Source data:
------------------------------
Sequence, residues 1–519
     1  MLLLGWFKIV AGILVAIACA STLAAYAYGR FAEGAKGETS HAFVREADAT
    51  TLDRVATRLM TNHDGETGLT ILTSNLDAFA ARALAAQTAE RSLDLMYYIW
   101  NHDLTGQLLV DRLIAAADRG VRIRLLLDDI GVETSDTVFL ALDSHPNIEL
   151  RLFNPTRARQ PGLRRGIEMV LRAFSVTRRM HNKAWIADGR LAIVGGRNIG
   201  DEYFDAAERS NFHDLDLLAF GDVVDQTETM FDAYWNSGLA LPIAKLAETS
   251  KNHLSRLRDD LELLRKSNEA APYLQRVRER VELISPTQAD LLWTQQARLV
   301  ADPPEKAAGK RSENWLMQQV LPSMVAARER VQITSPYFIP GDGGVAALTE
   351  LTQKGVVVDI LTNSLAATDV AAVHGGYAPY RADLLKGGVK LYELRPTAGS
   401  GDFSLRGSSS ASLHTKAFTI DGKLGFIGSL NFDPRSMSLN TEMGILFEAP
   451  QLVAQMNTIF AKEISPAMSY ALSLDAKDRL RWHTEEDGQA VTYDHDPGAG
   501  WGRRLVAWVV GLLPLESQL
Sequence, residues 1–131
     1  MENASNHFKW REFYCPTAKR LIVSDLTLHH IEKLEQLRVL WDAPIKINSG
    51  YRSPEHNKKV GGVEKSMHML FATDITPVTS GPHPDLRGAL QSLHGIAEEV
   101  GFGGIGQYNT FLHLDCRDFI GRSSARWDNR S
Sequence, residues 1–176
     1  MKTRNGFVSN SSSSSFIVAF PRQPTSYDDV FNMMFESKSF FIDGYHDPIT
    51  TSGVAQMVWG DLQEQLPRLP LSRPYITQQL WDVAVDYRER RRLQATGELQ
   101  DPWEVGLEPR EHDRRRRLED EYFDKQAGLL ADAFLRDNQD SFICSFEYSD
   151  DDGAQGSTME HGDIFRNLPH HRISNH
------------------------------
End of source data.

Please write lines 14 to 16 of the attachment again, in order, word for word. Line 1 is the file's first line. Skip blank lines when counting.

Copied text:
     1  MENASNHFKW REFYCPTAKR LIVSDLTLHH IEKLEQLRVL WDAPIKINSG
    51  YRSPEHNKKV GGVEKSMHML FATDITPVTS GPHPDLRGAL QSLHGIAEEV
   101  GFGGIGQYNT FLHLDCRDFI GRSSARWDNR S